Jobless in America: One Mom's Desperate Search for Work

Like millions of Americans, April is jobless. After losing her job at Pizza Hut due to a bout of illness, she has been searching for a job for six weeks now, with no luck. "It's really frustrating," she says. "I want a job. I'm very independent. I can't depend on my husband for everything. A little extra income, even if it's just a little, would help a lot."

But despite constantly applying for jobs online and visiting at least six stores, some multiple times, since she lost her job in May, April has done nothing but waste gas and time.


April (who doesn't want her last name used) is hardly alone in her predicament. Unemployment rates have hovered at 6.5 percent of the population for 2014. That's down from a high of almost 10 percent in 2010, but still significant.

April, who is 31, has three children, a 10-year-old, a 2-year-old, and a 9-month-old. After she lost her job at Pizza Hut, she began applying for jobs online but would also drive to retailers, stores, and restaurants, to make sure a manager got her application. "They would always tell me they'll call me if anything opens up," she says. The half an hour drive each way would cost her $20 in gas -- money she didn't have to spend. 

"I'm so down on myself, I'm in therapy now," she says. "I'm so stressed and depressed over this job situation."

After graduating high school, April went to work at a Walmart in New York State, and stayed there for four years. But eventually friction between her and a manager got to be too much, and she quit. That left her with no unemployment benefits.

After losing that job, she moved in with her father and started taking online classes in criminology. "I wanted to better myself," she says. At this point in time, she was single mom to her eldest child. But after six months, her father couldn't pay the Internet bill anymore, and neither could she, and she stopped taking classes.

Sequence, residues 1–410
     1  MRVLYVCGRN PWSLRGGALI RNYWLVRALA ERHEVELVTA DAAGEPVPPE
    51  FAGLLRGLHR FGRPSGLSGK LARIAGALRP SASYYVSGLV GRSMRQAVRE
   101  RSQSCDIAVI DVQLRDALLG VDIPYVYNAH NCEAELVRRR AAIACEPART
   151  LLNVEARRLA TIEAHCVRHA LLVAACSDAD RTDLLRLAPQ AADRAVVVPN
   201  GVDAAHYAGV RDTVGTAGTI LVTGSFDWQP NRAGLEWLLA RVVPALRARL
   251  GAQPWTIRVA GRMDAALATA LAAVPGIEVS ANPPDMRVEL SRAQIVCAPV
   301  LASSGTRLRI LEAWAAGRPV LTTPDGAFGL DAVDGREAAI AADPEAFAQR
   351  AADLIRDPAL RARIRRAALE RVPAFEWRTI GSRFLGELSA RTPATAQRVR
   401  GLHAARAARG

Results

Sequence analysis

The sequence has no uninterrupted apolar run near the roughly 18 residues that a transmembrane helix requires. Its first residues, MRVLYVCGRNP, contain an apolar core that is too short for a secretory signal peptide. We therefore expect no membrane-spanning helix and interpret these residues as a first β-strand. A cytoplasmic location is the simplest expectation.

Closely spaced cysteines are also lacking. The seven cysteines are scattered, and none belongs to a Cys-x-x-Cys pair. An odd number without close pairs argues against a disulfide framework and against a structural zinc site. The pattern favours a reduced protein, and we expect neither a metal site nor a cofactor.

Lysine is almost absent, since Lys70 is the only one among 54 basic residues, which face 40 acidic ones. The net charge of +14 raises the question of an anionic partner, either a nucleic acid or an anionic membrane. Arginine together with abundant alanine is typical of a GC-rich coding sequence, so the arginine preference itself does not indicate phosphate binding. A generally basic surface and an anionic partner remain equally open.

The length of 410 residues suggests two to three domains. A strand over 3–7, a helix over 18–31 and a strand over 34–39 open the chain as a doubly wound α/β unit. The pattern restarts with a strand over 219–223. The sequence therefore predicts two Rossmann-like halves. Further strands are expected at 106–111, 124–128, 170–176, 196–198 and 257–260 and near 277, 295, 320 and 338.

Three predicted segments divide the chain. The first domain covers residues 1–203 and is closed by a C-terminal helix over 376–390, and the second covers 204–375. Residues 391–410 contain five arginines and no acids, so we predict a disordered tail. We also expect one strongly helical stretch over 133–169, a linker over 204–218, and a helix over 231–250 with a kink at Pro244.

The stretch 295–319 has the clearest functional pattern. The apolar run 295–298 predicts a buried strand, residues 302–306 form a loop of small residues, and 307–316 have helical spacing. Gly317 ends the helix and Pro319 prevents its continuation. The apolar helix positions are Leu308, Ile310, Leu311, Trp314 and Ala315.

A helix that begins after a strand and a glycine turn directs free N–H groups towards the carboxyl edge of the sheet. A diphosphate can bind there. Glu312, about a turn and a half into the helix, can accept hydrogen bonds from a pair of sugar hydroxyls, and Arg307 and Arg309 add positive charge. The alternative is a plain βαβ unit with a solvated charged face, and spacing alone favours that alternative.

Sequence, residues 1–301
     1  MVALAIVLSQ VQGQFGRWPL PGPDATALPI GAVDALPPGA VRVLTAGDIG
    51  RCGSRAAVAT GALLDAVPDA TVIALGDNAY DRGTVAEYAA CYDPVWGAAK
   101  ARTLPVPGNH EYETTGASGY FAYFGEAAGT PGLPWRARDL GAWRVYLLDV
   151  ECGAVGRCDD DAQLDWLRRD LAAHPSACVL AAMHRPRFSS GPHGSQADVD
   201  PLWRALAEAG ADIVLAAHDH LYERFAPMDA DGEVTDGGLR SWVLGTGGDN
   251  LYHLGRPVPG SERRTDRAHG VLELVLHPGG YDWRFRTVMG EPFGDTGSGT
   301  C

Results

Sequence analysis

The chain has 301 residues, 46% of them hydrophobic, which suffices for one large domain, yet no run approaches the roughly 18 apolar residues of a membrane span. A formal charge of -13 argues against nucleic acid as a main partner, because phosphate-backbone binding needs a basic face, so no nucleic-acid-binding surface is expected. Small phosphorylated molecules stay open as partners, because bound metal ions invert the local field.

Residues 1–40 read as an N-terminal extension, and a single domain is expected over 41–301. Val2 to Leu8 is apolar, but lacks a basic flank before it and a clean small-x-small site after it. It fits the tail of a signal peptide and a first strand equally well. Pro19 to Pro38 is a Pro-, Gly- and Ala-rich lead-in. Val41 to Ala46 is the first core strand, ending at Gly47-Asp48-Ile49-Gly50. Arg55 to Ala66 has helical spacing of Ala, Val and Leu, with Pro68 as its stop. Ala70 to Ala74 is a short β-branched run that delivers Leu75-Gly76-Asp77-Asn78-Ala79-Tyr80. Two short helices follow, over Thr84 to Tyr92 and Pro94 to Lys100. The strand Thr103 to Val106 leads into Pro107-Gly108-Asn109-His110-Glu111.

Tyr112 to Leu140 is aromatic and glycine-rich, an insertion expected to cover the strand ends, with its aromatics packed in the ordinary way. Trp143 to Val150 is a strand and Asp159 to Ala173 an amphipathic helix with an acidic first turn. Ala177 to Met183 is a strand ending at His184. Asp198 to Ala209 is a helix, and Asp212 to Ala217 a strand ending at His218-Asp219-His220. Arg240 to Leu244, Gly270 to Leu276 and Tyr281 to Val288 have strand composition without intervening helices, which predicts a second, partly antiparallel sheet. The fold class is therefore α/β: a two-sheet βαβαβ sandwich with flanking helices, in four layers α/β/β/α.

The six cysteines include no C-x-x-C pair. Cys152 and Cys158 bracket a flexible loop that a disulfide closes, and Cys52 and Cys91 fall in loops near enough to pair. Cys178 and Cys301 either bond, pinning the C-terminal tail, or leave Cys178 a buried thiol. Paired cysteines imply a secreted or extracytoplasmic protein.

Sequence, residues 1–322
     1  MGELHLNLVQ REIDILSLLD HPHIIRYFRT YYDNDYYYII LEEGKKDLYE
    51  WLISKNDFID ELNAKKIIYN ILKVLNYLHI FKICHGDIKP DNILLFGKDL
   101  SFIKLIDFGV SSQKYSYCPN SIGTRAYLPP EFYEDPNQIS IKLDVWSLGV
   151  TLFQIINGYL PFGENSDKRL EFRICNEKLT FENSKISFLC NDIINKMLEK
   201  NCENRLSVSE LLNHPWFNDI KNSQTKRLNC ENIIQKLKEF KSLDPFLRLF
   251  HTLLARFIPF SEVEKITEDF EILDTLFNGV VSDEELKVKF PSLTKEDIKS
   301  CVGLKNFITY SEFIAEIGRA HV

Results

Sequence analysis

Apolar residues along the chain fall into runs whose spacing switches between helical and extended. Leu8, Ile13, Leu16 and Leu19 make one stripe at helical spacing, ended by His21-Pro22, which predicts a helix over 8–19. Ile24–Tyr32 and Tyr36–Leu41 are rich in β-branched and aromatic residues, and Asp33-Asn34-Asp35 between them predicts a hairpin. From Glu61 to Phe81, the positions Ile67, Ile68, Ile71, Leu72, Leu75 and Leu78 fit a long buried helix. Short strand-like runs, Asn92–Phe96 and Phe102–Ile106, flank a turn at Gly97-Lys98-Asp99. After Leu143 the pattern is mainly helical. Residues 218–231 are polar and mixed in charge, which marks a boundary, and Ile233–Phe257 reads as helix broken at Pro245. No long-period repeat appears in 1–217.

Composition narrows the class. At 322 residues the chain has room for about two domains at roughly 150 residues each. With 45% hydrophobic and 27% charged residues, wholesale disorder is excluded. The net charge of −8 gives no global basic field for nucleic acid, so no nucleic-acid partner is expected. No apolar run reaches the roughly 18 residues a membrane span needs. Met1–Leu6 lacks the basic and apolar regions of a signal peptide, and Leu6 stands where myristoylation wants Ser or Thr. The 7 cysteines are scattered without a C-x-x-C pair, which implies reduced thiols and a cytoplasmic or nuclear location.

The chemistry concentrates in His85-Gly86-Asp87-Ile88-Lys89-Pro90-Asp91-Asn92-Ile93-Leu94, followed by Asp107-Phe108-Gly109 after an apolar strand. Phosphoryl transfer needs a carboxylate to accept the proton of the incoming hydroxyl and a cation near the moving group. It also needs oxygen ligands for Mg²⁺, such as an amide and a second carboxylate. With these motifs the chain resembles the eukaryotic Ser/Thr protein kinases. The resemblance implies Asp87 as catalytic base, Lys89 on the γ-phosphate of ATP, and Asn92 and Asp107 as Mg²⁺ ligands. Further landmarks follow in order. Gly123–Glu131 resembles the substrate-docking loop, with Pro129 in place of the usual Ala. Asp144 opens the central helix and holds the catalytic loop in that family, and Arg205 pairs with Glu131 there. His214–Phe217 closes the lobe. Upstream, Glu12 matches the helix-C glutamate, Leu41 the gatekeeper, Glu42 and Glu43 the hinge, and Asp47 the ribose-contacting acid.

In 2011, she met her husband, got married, and had two more children. She took other jobs -- at another Walmart, at a Dollar General, and at the Pizza Hut -- but nothing ever worked out.

She enjoyed the Dollar General store, and she was generally happy to be making $8 an hour. But then she had to quit her job due to pregnancy complications. "The doctors kept pulling me out of work," she says. She decided she would come back to the store after she gave birth, but her husband was unexpectedly laid off, and the couple moved to a town that offered more job prospects. It also was closer to her in-laws, who could help out with childcare.

When her youngest daughter was 8-months-old, April started work at Pizza Hut. But her second day on the job, she got the flu, which turned into bronchitis, and lingered for weeks. Each day, she would have to make the drive into work to prove to her manager she was sick -- he would then just send her home. After three weeks, she recovered enough to say she'd like to come in and stay, but at this point her manager told her he didn't have enough hours, and would call her if he needed her. He never did.

That was almost two months ago.

April applies for jobs online while her two youngest are taking naps, and that isn't easy. "Some of these applications take two hours," she says. "And I've got a 2-year-old you can't take your eyes off for a second." Her mother-in-law helps with care -- but she's thinking about moving, and April dreads the day she might end up with no childcare help either. Then how will she job hunt?

She signed up for a privately-sponsored job help program. But they have yet to give her one job lead.

While barely scraping by on her husband's $1,400 a month (after taxes) salary (their rent alone is $1,000), April is embarrassed that she's had to rely on government assistance such as food stamps and Medicaid (April has never had employer-sponsored health insurance). "My husband and I hate to be on government assistance -- people say 'Get off your ass and get a job' -- if only it were that easy!"

Despite the fact that April says is stressed, depressed, and often feels like giving up altogether, she still has prospects. April, who long ago taught herself HTML coding, has been asked to create a website for a friend.  "If I could get that going, it would be great," she says. She has updated her resume in hopes of getting an IT position.

And although April feels like it's been forever since she cashed her last paycheck, six weeks isn't a huge amount of time to be looking. Experts say you can roughly expect to look one month for each $10,000 you want to earn in yearly salary.

"I know I made poor job choices in the past," she says. "But I'm a hard worker; I have great references. When I look into my future, I see myself working stably, and bringing home money to support my kids without the government. That's my dream."

Are you having a hard time finding a job? What have you done to find employment?

Image via April

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